It may seem odd, but deciding when to sell a Triple Net Lease property starts even before you finalize the purchase. It’s called an exit strategy, and it’s the best way to maximize profits and ensure you reach your investment goals.
However, even the best laid plans go awry, and circumstance may arise that force you to consider selling an investment property.
Here are some of the most common reasons why owners decide to sell a Triple Net Lease property.
Capitalizing A Favorable Profit In A Triple Net Lease Deal
Selling in order to reap substantial profits is one reason why some investors decide to sell.
Whether it’s because of an unexpected offer, favorable market conditions, a recent change in zoning laws, or increased financing options, there are plenty of good reasons to cash in on a good deal if your main investment goal is to make a certain percentage profit.
1. Loans Coming Due
Unlike residential loans which are usually spread out evenly over a 20-30 year period, comercial loans vary in terms of the length of the repayment period.
There are three types of commercial loans in a Triple Net Lease: Balloon loans; intermediate term loans, and long-term loans.
Intermediate loans are due for repayment within three years, and are paid back through monthly installments. Long-term loans last for five to 20 years, and are also paid back in monthly installments.
A balloon loan, on the other hand, come due within five years or less, and are not paid back through monthly payments. Instead, owners pay a large lump sump at the end of the loan.
When a loan comes due, the investor must decide whether or not to try and line up a new loan or source of funding, or simply sell the property.
Some investors prefer to just sell the property and get a new loan, rather than going through the tedious process of lining up new lenders, especially when you take into account pre-payment penalties.
2. Upcoming Tenant Vacancy
The prospect of a tenant vacancy decreases the value of a commercial property. So, if a major tenant has indicated that they plan to stay, then just the opposite can occur.
Because a buyer can now be confident that the main tenant will remain with the property for a set period of time, the value of the property often goes up. This allows the investor to reap high profits.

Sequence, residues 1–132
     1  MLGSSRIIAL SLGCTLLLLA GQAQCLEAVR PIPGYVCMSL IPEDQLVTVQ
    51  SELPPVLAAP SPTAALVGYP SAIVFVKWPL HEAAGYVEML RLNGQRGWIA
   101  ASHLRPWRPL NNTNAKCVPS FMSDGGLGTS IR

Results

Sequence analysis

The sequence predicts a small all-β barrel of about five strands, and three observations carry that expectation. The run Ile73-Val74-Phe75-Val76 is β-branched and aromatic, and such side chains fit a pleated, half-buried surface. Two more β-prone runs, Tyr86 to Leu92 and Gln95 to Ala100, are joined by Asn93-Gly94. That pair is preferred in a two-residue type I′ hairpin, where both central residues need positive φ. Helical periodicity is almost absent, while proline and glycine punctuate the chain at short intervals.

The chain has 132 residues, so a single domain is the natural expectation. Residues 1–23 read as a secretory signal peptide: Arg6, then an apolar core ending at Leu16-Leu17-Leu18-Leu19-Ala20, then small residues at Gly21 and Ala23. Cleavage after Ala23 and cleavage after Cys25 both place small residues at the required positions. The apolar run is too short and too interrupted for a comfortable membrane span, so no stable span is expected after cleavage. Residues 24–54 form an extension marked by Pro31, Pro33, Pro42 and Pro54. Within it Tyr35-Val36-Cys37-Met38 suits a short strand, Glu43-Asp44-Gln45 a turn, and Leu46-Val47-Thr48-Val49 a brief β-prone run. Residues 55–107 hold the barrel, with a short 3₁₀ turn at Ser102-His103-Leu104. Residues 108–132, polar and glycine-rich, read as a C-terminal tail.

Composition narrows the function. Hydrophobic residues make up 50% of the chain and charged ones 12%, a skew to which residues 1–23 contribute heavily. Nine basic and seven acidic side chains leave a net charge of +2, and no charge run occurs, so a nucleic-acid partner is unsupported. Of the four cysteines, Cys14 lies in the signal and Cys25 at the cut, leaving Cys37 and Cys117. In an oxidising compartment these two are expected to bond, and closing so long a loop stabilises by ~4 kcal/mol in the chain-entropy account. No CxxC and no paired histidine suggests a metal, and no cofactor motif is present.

On the other hand, there is a case when the lease expires and the major tenant may not take definitive steps to renew their lease. This could result in a major loss of value to the property.
In addition to the potential loss in rental income, the difficulty of finding a replacement tenant in a reasonable amount of time. Plus tenant concessions, is often more than many investors are willing to deal with.
And although selling a commercial property that has a year or less to its lease is nigh impossible, selling the property when there are a couple of years left on the lease can be done.
3. Death of Owner
The death of a long-term owner is another not uncommon reason for the sale of a commercial property. The heirs may be unwilling to deal with managing the property, or they might prefer to cash in on the profits and re-invest the proceeds into another investment.
This is especially true for investment properties which were owned for a long time, but were neglected by the original owner. As long as the property doesn’t have a large tax liability, finding a buyer who has the time, energy, and capital to invest often makes more sense.
4.Too Much Work
Although most savvy commercial real estate Triple Net Lease investors try their best to get a full picture of a property’s potential, occasionally they underestimate the amount of work it will take to make things work out.
It could be that the property requires more renovation work than projected, is a multi-tenant with a lot of lease turnover, or the owner simply finds themselves busier with other projects than they anticipated.
Regardless, some investors decide it’s simply easier to sell the property.
5. Partners Separating
Partnering with another investor has a lot of benefits, but sometimes partners discover their goals are no longer the same. Once this happens, partners often decide to dissolve the partnership and sell off any assets, splitting the proceeds.
6. Reduce Tax Liability
The larger the property, the larger the depreciation that can be claimed. Some owners prefer to sell a property that has a lot of equity, or that has appreciated significantly, so they can cash in on a property that will reduce their tax liability.
7. Diversifying a Portfolio
Sometimes an owner ends up with an imbalance in their portfolio that puts them at risk. This could be due to the property type, the area the asset is located in, or simply because the property isn’t performing like the investor expected it to.
In any of these instances, the owner might choose to sell the property in order to reduce risk, increase diversification, and increase cash flow.
If you’re an investor considering purchasing a commercial real estate investment, an essential part of your due diligence is to find out why the owner is selling. Not all the reasons above are bad ones – it all depends on your personal investment goals and risk tolerance level.
If you want to learn more, please do not hesitate to contact Westwood by our online application form available on our website.